Effect of plant sterols on the lipid profile of patients with hypercholesterolaemia. Randomised, experimental study
1 Research Unit, Primary Care Head Office of Albacete, Health Care Service of Castilla-La Mancha, Marqués de Villores 6-8, 02001 Albacete, Spain
2 Almansa Health Centre, Health Care Service of Castilla-La Mancha, C/San Juan s/n, 02640 Almansa, Albacete, Spain
3 Albacete Area III Health Centre, Health Care Service of Castilla-La Mancha, Plaza La Mancha s/n, 02001 Albacete, Spain
4 La Roda Health Centre, Health Care Service of Castilla-La Mancha, C/Martínez 63, 02630 La Roda, Albacete, Spain
5 Pharmacy Service, Primary Care Head Office of Albacete, Health Care Service of Castilla-La Mancha, Marqués de Villores 6-8, 02001 Albacete, Spain
BMC Complementary and Alternative Medicine 2011, 11:73 doi:10.1186/1472-6882-11-73Published: 12 September 2011
Studies have been conducted on supplementing the daily diet with plant sterol ester-enriched milk derivatives in order to reduce LDL-cholesterol levels and, consequently, cardiovascular risk. However, clinical practice guidelines on hypercholesterolaemia state that there is not sufficient evidence to recommend their use in subjects with hypercholesterolaemia. The main objective of this study is to determine the efficacy of the intake of 2 g of plant sterol esters a day in lowering LDL-cholesterol levels in patients diagnosed with hypercholesterolaemia. The specific objectives are: 1) to quantify the efficacy of the daily intake of plant sterol esters in lowering LDL-cholesterol, total cholesterol and cardiovascular risk in patients with hypercholesterolaemia; 2) to evaluate the occurrence of adverse effects of the daily intake of plant sterol esters; 3) to identify the factors that determine a greater reduction in lipid levels in subjects receiving plant sterol ester supplements.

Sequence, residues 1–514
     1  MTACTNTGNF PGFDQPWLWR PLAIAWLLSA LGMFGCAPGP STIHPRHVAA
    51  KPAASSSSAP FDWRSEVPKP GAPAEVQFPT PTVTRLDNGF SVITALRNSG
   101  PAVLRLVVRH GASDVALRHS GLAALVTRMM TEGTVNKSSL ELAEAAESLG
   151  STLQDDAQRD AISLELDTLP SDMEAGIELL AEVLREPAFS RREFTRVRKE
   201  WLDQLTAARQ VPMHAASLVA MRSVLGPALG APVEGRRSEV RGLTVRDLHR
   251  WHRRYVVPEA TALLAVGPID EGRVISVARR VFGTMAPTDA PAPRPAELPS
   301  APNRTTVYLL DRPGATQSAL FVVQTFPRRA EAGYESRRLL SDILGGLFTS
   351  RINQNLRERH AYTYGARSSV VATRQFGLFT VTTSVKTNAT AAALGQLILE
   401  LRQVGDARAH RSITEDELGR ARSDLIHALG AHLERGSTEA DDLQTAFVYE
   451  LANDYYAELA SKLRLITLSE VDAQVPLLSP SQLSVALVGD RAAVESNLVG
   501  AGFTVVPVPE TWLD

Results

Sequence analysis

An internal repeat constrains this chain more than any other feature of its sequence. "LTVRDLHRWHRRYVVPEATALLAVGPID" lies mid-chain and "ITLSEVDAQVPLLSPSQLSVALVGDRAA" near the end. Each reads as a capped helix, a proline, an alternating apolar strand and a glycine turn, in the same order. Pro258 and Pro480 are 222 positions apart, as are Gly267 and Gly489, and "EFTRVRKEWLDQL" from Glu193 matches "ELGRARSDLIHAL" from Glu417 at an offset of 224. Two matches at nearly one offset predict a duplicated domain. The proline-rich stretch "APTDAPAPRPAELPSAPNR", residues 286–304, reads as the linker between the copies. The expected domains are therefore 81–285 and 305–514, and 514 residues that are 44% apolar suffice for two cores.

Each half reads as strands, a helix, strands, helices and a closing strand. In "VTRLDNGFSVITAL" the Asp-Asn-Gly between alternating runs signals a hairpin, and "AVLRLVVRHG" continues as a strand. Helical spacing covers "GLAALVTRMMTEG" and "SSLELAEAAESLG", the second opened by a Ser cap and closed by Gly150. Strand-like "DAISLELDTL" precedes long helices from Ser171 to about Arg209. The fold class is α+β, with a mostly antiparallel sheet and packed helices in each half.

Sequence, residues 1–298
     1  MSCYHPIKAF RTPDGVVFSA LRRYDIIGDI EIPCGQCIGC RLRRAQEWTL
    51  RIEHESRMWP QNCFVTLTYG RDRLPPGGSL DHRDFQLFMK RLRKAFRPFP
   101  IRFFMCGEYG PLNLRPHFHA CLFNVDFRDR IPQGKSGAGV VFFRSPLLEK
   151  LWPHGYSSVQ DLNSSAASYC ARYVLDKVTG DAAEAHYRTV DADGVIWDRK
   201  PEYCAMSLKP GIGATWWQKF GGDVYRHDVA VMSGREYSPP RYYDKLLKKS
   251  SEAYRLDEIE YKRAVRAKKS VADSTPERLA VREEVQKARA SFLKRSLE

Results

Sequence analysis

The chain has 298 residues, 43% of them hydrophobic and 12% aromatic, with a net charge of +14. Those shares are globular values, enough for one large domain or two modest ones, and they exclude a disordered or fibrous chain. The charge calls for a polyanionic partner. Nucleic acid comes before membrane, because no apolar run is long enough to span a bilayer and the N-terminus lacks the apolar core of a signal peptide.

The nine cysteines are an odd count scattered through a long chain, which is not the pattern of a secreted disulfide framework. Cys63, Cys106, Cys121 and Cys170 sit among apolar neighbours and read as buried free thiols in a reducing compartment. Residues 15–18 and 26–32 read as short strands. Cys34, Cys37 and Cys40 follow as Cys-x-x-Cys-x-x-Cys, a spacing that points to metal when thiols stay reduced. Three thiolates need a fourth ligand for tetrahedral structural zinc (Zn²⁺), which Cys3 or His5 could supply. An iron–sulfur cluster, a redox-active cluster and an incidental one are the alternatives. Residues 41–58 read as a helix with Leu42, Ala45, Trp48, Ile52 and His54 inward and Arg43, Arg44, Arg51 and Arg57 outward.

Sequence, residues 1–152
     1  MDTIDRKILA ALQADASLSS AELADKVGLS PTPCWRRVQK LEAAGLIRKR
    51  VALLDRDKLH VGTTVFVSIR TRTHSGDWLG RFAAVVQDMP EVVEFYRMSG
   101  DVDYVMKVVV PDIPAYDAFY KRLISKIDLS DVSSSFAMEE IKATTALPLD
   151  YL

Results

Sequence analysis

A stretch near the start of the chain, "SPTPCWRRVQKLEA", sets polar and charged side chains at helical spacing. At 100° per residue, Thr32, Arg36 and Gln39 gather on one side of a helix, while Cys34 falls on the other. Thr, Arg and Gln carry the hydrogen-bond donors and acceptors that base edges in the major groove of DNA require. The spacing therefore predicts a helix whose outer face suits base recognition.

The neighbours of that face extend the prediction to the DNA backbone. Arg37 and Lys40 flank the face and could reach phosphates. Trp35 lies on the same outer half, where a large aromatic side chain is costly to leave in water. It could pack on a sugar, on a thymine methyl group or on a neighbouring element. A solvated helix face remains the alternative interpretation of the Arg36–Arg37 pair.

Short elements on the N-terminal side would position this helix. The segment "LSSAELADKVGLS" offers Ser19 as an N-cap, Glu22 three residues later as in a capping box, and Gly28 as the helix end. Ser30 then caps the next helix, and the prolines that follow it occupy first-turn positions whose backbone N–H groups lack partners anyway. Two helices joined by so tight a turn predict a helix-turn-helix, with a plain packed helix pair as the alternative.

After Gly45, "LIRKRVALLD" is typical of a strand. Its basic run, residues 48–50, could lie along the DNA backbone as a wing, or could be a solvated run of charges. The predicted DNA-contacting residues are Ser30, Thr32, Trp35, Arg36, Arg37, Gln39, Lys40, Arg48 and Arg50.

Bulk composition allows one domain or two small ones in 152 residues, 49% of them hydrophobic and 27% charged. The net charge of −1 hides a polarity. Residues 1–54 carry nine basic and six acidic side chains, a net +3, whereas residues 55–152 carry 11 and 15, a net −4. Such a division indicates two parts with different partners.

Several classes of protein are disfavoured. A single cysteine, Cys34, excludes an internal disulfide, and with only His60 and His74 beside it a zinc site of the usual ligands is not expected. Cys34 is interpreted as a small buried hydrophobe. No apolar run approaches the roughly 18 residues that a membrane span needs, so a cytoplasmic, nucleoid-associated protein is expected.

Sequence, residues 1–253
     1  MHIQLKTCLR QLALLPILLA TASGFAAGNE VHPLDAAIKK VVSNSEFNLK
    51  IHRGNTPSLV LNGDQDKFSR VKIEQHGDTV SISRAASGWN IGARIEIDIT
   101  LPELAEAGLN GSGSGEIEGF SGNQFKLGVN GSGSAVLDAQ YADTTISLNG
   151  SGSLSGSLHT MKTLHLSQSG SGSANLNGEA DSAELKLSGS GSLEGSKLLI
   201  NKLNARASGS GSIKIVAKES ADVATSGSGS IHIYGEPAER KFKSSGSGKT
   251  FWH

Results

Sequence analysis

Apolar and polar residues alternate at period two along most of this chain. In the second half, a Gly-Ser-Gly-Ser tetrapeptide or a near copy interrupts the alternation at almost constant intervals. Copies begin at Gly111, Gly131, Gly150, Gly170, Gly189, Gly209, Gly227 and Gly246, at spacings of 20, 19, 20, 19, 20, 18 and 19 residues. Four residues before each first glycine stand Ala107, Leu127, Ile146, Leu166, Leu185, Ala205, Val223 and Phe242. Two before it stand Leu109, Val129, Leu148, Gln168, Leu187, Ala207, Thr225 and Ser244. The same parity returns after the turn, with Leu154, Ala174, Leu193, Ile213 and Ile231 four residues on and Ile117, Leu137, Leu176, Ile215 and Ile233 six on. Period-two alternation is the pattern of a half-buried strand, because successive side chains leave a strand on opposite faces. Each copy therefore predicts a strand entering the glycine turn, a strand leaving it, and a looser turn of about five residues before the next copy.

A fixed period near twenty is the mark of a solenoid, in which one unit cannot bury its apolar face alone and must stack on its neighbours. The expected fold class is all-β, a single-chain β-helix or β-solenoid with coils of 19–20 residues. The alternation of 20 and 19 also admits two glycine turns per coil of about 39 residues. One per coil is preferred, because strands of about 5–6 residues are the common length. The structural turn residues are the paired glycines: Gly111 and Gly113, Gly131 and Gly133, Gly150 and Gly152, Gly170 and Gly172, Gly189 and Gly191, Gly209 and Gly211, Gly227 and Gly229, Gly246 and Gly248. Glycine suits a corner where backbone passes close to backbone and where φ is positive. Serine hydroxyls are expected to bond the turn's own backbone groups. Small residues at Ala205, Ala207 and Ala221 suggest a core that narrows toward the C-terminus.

Randomised, double-blind, placebo controlled experimental trial carried out at family doctors' surgeries at three health centres in the Health Area of Albacete (Spain). The study subjects will be adults diagnosed with "limit" or "defined" hypercholesterolaemia and who have LDL cholesterol levels of 130 mg/dl or over. A dairy product in the form of liquid yoghurt containing 2 g of plant sterol ester per container will be administered daily after the main meal, for a period of 24 months. The control group will receive a daily unit of yogurt not supplemented with plant sterol esters that has a similar appearance to the enriched yoghurt. The primary variable is the change in lipid profile at 1, 3, 6, 12, 18 and 24 months. The secondary variables are: change in cardiovascular risk, adherence to the dairy product, adverse effects, adherence to dietary recommendations, frequency of food consumption, basic physical examination data, health problems, lipid-lowering medication, physical activity, smoking habits and socio-demographic variables.
If plant sterol ester supplements were effective a sounder recommendation for the consumption of plant sterols in subjects with hypercholesterolaemia could be made.
Current Controlled Trials NCT01406106.